Dialoue on Youth: How to Shift From Click-Activism to Real Action

dijalog kafe

This year, the world celebrated International Youth Day on 12th August in the atmosphere nobody could have foreseen in 2019. Yet, was this Covid-19 pandemic that engulfed our lives overnight entirely unexpected? If you’re asking climate change activists – not quite. The loss of natural habitats for a wide array of species has significantly contributed to climate change and it was proven to facilitate the development and spread of new diseases.

Coronavirus has robbed us of a year or two – but the absence of climate action may rob entire generations of their future. This was the focus of this year’s International Youth Day Dialogue Cafe in Serbia, framed as „Youth Engagement for Climate Action.“

Throughout the panelists’ discussion, the topics of the pandemic, climate action, and the future of our youth fused in a way that gave us a clearer perspective on the issues we face and the ways to solve them.

While this story (and this year) may have started with a grim tone, UN Resident Coordinator in Serbia, Francoise Jacob, decided to start a conversation on a more positive note.

“What we’ve seen with the Covid is that if we really want to change things, it’s feasible. Communities, people, everybody has changed their lifestyle – in 3-4 days we have changed our way of working and living. Of course, we don’t want such dramatic change to become the norm, but we have seen that if there’s strong enough incentive, we, as a community, as humanity, we can actually change the way we live,” Jacob said.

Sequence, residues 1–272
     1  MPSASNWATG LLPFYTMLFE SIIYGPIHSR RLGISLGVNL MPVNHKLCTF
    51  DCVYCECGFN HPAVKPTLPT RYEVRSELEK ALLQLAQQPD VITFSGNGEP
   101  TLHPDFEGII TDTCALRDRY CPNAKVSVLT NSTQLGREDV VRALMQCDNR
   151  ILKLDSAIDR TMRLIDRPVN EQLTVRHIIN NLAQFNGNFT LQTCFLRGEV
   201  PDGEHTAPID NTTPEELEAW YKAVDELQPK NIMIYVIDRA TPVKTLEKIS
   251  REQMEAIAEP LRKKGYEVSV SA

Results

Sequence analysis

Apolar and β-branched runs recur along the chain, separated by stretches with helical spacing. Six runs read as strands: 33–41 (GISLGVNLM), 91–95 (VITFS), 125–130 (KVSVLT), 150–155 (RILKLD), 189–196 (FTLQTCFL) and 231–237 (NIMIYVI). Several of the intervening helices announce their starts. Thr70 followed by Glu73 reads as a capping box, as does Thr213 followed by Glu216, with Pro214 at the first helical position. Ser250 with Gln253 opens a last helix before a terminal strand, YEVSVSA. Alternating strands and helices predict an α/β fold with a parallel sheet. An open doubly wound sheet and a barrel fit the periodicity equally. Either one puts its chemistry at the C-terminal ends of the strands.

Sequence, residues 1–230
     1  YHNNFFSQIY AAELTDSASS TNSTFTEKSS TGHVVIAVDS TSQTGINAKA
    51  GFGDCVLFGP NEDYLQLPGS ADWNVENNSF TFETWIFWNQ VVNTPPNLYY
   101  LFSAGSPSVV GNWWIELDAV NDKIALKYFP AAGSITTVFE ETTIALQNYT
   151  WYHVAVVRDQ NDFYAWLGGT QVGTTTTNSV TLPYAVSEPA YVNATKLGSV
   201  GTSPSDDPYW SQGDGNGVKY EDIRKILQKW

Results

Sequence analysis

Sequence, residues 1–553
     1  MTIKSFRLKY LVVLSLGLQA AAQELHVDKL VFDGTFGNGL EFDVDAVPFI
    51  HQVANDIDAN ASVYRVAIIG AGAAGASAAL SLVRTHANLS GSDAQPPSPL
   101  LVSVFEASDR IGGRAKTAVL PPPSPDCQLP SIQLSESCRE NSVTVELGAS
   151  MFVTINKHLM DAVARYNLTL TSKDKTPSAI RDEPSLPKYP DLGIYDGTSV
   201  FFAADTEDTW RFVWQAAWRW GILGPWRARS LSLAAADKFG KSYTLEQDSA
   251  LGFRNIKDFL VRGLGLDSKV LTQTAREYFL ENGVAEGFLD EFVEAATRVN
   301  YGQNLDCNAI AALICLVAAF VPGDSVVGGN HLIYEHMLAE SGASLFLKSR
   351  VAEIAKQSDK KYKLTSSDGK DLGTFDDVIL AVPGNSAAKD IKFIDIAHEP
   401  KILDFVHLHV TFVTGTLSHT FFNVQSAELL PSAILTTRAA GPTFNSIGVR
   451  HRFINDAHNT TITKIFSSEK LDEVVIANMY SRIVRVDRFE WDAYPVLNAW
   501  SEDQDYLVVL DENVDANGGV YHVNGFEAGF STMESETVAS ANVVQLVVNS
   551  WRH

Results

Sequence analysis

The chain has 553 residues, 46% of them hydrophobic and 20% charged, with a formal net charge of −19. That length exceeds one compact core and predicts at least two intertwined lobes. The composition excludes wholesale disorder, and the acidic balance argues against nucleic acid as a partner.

“For me, it’s actually one of the biggest lessons of Covid – a positive lesson, which means that if we put enough attention, pressure, and action into climate change, we can actually make change happen, I believe that. I am not a cynical person and this is why I like to work with young people because none of you are cynical and you still very much believe in action,” she concluded in her opening statement.

Jacob pointed out that young people’s awareness about the issues caused by climate change has increased significantly, noting that a growing number of citizens and youth movements in the past few years have developed independently and organically.

This phenomenon may be explained by the escalation of issues such as air pollution, a daily topic in Serbia for a couple of years now. The issue has been a great opportunity to bring attention to its underlying cause – an inefficient, obsolete energy production system. Similarly, the endangering of water sources caused by the accelerated construction of mini-hydropower plants in the protected natural areas mobilized and engaged citizens all over the country.

Coordinator of Young Researchers of Serbia’s ECO SYSTEM programme, Tijana Ljubenović, also noted this positive trend.

“Environment and climate change are topics that are more and more part of public conversation, and young people are more interested than before. How do I know that? Last year, Young Researchers of Serbia started giving grants to informal groups,” Ljubenović told the panelists. 

“Basically, if you have a good idea concerning environmental protection, climate change or any other environment-related topic, you can apply and get a certain amount of money to organize your activities. With these programs, we’re trying to motivate young people and show them that they can influence the environment and show them they can do something beneficial for themselves, including the fight against climate change.”

However, there’s another side to this story. While the digital era helped environmentalists raise greater awareness about climate change, it has also created “a kind of click-activism,” as Ljubenović called it.